Communications in Liberia


Communications in Liberia
Cellcom Liberia antenna in Monrovia (2009)

Communications in Liberia consist of telephone lines and cellular phone networks. A lot of the telephone lines were destroyed or plundered in the two civil wars, making cellular phone networks a popular and safer alternative that reach remore regions of the country.

Contents

Press

The main newspapers are:

  • The Daily Talk[3]

Mail

Telephone

Fixed telephones

The fixed line infrastructure of Liberia was nearly completely destroyed during the civil war. In 2006, the country had approximately 5,000 fixed lines installed, almost exclusively in the Monrovia area.[4] Prior to the passage of the Telecommunications Act of 2007, the state-owned Liberia Telecommunications Corporation (LIBTELCO) held a legal monopoly for all fixed line services in Liberia, and remains the sole licensed fixed line telephone service provider in the country.

Mobile telephones

Comium building (2006)

Four licensed GSM service providers operate in the country: Lonestar Cell, CellCom, LiberCell and Comium. Approximately 45% of the population has cell phone service.[4]

Radio

In 2001, there were 0 AM radio broadcast stations, 7 FM, and 2 shortwave, with 790,000 radio receivers.[5]

Radio stations include:

Television

As of 2001 there was one television broadcast station plus four low-power repeaters,[7] while as of 1997 there were 70,000 television receivers.[5]

Internet

Internet services are currently limited to the Monrovia area. The Country code (Top-level domain) is LR.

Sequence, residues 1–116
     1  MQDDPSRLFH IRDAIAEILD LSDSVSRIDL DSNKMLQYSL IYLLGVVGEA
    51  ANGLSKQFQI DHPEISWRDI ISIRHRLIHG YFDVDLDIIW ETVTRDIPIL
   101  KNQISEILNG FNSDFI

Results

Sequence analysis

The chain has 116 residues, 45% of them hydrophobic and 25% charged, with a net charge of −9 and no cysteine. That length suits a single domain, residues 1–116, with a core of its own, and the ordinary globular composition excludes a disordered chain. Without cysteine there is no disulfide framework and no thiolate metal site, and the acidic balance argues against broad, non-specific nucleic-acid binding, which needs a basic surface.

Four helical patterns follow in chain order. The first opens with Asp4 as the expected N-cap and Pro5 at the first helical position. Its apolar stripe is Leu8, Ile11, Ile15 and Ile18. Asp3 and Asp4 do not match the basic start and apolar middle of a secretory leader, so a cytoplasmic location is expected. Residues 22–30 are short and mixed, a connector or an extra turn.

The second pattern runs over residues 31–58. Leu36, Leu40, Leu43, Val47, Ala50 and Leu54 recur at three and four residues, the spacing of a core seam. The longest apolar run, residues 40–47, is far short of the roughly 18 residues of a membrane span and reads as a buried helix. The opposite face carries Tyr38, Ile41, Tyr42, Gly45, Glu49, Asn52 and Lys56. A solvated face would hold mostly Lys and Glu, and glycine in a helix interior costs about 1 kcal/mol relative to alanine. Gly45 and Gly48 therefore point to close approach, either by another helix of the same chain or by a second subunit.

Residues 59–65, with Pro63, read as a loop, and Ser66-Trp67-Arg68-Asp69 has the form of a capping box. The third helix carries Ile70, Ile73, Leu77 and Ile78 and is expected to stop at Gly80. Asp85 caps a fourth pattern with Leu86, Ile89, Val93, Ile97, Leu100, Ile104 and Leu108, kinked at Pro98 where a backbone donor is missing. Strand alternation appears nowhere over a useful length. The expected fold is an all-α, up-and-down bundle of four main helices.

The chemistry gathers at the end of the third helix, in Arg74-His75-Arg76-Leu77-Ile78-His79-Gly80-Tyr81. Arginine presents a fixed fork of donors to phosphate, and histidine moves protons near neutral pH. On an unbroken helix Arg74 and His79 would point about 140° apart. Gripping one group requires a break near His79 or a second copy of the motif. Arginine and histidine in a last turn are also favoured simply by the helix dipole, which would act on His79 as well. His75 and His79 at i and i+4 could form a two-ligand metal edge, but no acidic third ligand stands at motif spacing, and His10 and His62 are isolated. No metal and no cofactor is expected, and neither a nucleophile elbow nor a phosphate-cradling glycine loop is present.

Republic of Liberia
Coat of arms of Liberia.png

History · Politics · Demographics
Culture · Geography · Music
Communications · Transport · Economy
Armed Forces · Foreign relations
Americo-Liberian · Nationality law
Subdivisions: Counties · Districts

References

  1. ^ a b c d e f Liberia; LMC Extols Media Institutions, The NEWS, September 16, 2008, Africa News.
  2. ^ a b "Media regulator recommends support for local media coverage of truth commission", BBC Monitoring Africa, June 27, 2008. PoliticalSupplied by BBC Worldwide Monitoring.
  3. ^ Lydia Polgreen (August 4, 2006). "All the News That Fits: Liberia’s Blackboard Headlines". The New York Times. http://www.nytimes.com/2006/08/04/world/africa/04liberia.html?pagewanted=all. 
  4. ^ a b [http://www.ppiaf.org/ppiaf/sites/ppiaf.org/files/publication/ImpSt-Liberia-fin.pdf "PPIAF Supports Telecommunications Reform and Liberalization in Liberia"]. PPIAF. July 2011. http://www.ppiaf.org/ppiaf/sites/ppiaf.org/files/publication/ImpSt-Liberia-fin.pdf. Retrieved September 3, 2011. 
  5. ^ a b 1997 statistic — please update if possible
  6. ^ "Firestone launches radio station 89.5 FM". The Monitor (Equal Chance Communication Ltd.). http://www.themonitor.com.lr/story.php?record_id=1985&sub=14. Retrieved 9 March 2010. [dead link]
  7. ^ 2001
  8. ^ "Liberia: Press Union names Star Radio as radio station of year", BBC Monitoring Africa, July 30, 2008. PoliticalSupplied by BBC Worldwide Monitoring.



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